The commercial success of an artist, especially in regards to music, is equally dependent on the quality of the promotion of the artist as it is the quality of the artist’s work itself. Too often, the financial forces that drive the publicity for an artist are determinative of an artist’s “success”. The more the artist remains in the cultural discussion, the more the public develops an interest in the artist. So long as an artist’s name stays in the public conscious, there will be a public interest.
In the past fifteen years, the rise of the internet has created a monumental shift in the manner which the cultural conversation is discussed — although the topics discussed, structurally, remain unchanged. In regards to popular music, the rise of the internet has stripped the authoritative powers of industry’s tastemakers; thereby un-muting the artists themselves. Today, the musician has greater control over the promotion and distribution of his/her work, as opposed to a time when an musician’s commercial success was left to the mercy of the industry. Thanks to the likes of Facebook, Soundcloud, Bandcamp, Twitter, and countless number of blogs, every musician and fan may have communicated directly to one another. Technology has allowed the musician to navigate his/her own media machine.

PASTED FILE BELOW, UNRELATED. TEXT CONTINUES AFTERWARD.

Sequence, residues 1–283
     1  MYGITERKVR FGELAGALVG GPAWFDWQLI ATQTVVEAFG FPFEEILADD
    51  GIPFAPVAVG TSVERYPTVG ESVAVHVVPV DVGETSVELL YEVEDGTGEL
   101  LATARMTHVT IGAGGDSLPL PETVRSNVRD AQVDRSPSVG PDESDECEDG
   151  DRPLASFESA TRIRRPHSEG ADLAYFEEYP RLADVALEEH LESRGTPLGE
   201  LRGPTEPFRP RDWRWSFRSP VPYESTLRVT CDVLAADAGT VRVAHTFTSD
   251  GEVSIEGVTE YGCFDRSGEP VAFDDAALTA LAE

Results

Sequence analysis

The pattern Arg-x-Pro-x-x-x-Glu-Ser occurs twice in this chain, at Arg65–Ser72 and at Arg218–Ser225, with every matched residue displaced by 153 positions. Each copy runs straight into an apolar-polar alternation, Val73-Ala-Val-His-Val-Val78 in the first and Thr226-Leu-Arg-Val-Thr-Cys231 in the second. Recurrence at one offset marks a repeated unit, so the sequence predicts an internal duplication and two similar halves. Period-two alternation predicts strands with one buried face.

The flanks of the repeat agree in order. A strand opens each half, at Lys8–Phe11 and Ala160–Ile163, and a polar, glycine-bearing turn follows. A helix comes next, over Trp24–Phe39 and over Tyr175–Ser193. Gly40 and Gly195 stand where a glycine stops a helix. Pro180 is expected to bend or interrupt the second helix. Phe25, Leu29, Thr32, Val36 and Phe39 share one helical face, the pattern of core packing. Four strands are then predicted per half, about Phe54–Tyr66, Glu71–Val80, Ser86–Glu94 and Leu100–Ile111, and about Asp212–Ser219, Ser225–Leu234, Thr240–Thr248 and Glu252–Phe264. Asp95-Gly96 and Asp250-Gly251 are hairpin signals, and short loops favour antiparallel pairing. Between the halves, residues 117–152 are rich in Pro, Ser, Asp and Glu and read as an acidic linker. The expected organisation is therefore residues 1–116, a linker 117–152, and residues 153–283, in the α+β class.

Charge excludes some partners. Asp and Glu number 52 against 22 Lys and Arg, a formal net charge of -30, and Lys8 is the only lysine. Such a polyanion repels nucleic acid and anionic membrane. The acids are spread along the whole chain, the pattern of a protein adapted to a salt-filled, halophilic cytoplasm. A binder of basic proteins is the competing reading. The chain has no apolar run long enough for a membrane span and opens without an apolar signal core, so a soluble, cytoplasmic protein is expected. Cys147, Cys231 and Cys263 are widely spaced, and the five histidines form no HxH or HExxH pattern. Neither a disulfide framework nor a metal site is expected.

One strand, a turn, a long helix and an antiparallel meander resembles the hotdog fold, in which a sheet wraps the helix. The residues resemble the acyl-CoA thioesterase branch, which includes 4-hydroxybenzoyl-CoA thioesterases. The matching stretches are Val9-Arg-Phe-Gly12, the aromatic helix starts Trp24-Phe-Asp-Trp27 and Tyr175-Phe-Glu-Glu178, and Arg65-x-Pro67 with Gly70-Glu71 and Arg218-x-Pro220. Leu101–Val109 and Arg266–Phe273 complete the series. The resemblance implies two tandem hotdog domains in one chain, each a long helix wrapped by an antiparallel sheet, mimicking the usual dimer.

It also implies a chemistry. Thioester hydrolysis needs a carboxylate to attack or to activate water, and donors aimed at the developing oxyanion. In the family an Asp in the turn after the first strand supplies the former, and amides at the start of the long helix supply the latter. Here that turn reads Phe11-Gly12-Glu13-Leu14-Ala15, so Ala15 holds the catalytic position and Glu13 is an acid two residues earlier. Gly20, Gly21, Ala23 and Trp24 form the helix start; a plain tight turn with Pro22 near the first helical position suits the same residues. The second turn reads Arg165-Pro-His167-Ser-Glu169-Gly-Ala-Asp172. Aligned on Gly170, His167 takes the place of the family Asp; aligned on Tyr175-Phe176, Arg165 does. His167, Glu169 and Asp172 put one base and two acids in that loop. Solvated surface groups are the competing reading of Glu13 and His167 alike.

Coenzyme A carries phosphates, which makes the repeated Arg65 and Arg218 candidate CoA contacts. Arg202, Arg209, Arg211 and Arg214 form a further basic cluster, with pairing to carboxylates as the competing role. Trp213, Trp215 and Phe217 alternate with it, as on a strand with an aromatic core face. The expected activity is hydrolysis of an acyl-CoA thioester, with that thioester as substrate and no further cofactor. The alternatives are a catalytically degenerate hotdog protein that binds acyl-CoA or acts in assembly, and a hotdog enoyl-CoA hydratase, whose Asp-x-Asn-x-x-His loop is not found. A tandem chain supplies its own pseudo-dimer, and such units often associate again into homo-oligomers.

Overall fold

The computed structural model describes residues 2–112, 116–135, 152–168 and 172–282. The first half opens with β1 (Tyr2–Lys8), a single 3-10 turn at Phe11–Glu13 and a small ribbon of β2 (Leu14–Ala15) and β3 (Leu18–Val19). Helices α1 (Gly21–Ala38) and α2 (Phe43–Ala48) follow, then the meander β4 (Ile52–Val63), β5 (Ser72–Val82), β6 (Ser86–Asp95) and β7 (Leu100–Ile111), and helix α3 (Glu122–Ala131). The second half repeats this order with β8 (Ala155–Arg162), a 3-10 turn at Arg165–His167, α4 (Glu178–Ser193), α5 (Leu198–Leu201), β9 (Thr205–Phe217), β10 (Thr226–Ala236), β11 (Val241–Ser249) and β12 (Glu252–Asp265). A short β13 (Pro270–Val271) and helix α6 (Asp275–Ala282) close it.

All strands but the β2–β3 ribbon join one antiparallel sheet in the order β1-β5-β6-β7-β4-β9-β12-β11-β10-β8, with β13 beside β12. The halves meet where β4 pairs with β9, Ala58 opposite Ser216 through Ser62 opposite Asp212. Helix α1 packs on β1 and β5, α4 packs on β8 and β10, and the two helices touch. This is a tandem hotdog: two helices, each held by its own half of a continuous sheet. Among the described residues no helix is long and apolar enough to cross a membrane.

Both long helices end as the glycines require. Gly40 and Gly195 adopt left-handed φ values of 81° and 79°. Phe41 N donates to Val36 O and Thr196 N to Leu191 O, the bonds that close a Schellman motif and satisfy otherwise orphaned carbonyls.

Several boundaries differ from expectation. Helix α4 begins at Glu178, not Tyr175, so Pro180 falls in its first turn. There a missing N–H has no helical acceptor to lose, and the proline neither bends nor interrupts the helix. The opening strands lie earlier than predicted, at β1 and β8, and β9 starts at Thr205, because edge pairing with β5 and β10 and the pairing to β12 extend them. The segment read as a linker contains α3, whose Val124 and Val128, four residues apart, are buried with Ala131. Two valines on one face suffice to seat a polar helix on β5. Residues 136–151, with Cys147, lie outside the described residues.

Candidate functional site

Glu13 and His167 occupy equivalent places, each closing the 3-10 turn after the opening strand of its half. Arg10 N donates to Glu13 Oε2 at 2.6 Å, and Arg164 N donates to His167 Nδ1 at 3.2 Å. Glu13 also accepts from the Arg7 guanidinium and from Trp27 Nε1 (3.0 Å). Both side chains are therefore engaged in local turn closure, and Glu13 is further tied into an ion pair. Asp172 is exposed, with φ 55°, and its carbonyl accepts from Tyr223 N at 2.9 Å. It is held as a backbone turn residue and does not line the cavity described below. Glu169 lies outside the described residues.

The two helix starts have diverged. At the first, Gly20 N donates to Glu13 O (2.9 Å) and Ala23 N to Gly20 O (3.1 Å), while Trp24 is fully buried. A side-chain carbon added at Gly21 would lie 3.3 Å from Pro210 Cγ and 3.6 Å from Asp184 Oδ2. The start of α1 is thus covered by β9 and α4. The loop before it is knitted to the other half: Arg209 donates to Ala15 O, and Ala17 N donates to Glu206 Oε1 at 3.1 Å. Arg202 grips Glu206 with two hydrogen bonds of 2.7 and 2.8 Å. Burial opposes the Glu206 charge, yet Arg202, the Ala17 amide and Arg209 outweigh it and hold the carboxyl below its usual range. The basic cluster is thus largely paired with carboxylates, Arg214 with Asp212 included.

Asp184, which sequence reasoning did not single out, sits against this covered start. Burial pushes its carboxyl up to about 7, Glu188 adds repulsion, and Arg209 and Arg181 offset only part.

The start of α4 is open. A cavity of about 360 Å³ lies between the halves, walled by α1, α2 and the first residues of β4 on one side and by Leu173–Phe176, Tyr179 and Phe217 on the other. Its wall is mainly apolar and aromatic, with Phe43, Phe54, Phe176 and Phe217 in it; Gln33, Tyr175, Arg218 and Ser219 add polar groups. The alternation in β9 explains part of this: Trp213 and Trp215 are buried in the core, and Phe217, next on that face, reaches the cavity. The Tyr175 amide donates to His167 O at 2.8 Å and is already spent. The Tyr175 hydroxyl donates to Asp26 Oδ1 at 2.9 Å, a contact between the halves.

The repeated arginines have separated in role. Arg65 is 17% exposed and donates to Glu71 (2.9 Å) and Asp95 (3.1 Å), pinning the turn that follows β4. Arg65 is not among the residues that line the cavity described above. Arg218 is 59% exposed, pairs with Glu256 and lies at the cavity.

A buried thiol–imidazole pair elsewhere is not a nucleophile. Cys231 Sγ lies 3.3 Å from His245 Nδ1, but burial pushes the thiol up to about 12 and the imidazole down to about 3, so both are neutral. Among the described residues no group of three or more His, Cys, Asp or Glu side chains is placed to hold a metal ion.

Although this freedom is beneficial for the individual musician for countless number of reasons, there is a rarely acknowleged undertow. Hidden beneath the elation of distribution control is a paralyzing truth – oversaturation of the market. Rather than the opinions of the industry elite deciding which artists pass through the gates to the next level, there are a million voices all clamoring for the listener’s attention. Our inboxes swell with “private messages” from Soundcloud artists pushing their latest song. Our Facebook walls scrawled with the graffiti of artists announcing this or that. And at the risk of hurting feelings, a lot of the material “shared” is complete shit. We delete before even listening because, although fans, we simply lack the time to sift through countless messages from unknown musicians promoting thousands of different songs.
The simplicity of direct access to potential fans has oversaturated the digital landscape, thereby sending some of the truly talented directly to our spam folders.